McKenna and Attorneys General Koster and Zoeller call on Congress to take action to protect kids from being advertised for sex
SEATTLE – The Washington State Attorney General’s Office yesterday settled a lawsuit filed by sex trafficking site Backpage.com against Washington state.
Backpage, which calls itself “an ally in the fight against human trafficking,” sued Washington over a law aimed at preventing kids from being advertised online for sex. In July, U.S. District Court Judge Ricardo S. Martinez’s issued a decision granting Backpage’s preliminary injunction against SB 6251. The wording of that decision, according to Washington State Attorney General Rob McKenna, made it very difficult – and expensive – for the state to appeal.
“We disagree with Judge Martinez,” said McKenna. “We do not believe that advertisements for a service illegal in every state – prostitution – are protected by the Constitution. That part of his decision would likely be overturned upon appeal. But unless Congress acts to revise the section 230 of the Communications Decency Act, an appeal will be extremely challenging and costly. It is unfortunate that because of this ruling, Backpage will continue to profit from sex ads for kids and others. Congress must revisit the CDA in order to close a loophole that allows companies such as Backpage to make millions advertising an illegal service that takes a particularly devastating toll on children.”
At least two of McKenna’s colleagues agree:
- “In 1996, federal lawmakers passed the CDA in order to make the Internet a forum for ideas, while also protecting kids from crimes such as child pornography,” said Missouri Attorney General Chris Koster. “But they never intended to enable websites to generate millions in profits by promoting prostitution, particularly when we know that a portion of that profit comes from advertising kids for sex.”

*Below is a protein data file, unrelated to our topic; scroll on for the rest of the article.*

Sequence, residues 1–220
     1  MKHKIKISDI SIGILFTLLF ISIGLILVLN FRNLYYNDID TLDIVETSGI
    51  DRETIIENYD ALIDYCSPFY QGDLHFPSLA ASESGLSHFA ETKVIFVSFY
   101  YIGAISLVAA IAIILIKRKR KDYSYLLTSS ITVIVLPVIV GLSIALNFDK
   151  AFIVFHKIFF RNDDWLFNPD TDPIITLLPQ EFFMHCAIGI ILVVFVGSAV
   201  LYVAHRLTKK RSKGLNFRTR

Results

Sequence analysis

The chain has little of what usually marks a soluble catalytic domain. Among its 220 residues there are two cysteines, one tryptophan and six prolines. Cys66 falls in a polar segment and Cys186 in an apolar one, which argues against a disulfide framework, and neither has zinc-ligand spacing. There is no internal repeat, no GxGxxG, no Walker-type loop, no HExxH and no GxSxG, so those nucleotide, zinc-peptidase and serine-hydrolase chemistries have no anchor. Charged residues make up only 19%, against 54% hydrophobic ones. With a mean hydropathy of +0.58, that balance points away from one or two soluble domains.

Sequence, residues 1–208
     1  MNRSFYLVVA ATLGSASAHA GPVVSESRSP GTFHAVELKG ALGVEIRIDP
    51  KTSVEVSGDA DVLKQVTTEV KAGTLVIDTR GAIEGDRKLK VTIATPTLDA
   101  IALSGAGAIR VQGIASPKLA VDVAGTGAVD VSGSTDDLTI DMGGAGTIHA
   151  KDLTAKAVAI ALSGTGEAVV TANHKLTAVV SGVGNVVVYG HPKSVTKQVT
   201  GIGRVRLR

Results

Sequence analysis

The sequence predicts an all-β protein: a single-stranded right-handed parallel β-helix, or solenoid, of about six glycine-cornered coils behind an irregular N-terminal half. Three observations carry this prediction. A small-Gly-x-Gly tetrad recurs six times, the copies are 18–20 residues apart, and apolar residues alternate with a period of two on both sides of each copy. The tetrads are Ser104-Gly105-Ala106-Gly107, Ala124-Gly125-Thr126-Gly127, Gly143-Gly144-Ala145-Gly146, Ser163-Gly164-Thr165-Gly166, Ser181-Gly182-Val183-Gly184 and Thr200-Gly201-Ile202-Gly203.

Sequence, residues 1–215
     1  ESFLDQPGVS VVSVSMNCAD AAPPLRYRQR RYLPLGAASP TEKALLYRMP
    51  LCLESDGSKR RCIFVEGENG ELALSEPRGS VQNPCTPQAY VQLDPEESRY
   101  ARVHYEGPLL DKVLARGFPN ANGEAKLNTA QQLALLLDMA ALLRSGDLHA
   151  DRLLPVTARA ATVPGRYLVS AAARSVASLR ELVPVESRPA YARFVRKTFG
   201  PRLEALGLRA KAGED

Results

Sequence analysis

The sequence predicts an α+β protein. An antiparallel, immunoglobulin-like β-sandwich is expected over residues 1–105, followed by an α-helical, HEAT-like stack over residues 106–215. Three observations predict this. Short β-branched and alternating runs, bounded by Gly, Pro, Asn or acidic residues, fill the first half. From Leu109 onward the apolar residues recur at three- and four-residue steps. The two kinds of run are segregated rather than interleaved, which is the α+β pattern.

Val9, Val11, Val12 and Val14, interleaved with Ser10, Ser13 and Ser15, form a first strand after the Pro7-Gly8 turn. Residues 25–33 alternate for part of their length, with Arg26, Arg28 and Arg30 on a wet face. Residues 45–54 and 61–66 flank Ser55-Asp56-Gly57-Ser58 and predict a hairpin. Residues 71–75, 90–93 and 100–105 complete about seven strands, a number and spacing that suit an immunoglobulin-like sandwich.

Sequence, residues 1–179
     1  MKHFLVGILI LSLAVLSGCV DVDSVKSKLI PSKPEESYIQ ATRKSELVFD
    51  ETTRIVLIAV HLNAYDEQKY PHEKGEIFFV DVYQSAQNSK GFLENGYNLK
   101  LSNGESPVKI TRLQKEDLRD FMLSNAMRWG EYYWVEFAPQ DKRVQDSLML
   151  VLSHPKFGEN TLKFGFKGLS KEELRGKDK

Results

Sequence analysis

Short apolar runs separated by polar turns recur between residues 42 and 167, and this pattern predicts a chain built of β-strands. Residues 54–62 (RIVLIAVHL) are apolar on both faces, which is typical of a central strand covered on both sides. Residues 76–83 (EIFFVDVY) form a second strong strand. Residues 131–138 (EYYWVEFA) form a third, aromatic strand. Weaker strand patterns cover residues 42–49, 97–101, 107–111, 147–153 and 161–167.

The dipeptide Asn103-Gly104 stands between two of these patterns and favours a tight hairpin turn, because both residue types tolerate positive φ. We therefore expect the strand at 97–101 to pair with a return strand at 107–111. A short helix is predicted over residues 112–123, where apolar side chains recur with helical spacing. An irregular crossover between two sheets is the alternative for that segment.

- “Indiana learned from hosting the 2012 Super Bowl that trafficking of humans for prostitution is a horrendous crime that is enabled and amplified by online adult classified sites such as Backpage,” Indiana Attorney General Greg Zoeller said. “The urgency of the problem led Indiana to pass a new human trafficking law in record time. We share the concerns of our fellow Attorneys General in urging Congress to address on a consistent national basis this complicated issue of Internet businesses that facilitate human trafficking.”
The Communications Decency Act was passed in 1996 in response to fears about Internet Service Provider (ISP) liability for defamatory statements made by their online users. It was intended to protect ISPs and Web sites from tort liability for materials posted by third parties. “Backpage executives see the CDA as a license to make money from prostitution ads without any accountability,” McKenna said earlier this year in a speech to the National Association of Attorneys General (NAAG).
Backpage, which charges a minimum of $5 to post ads for prostitutes, has been criticized for the number of children found to be advertised for sex on the site. Hundreds of such cases nationally have been identified by local and federal law-enforcement. Earlier this year, Washington state lawmakers passed SB 6251 to protect kids by adding new penalties for posting sex ads featuring minors. The law provided a built-in defense for sites that check IDs before allowing individuals to post so-called “adult services” ads. Backpage quickly filed a lawsuit, naming county prosecutors and the state.
In yesterday’s settlement, the state will pay Backpage $200,000 in attorneys’ fees and work with the Legislature to repeal SB 6251. However, it is unlikely that the state will give up its fight to protect kids and others from sex trafficking on Backpage and elsewhere.
“Washington state lawmakers, Republican and Democrats alike, are national leaders on this important issue,” said McKenna. “I encourage them to keep the pressure on Backpage and other sex trafficking profiteers.”
McKenna, who made the fight against human trafficking a centerpiece of his work leading NAAG, in 2011, rallied his fellow state attorneys general to put pressure on Backpage to stop trafficking kids and others on their site. Ultimately all 50 states joined the effort. Backpage also faced petition drives and protests around the country. The trafficking site’s parent company, Village Voice Media, ultimately cut ties with Backpage. But Backpage continues to operate and arrests of those advertising kids and others on the site continue.
Janelle Guthrie, Director of Communications, (360) 586-0725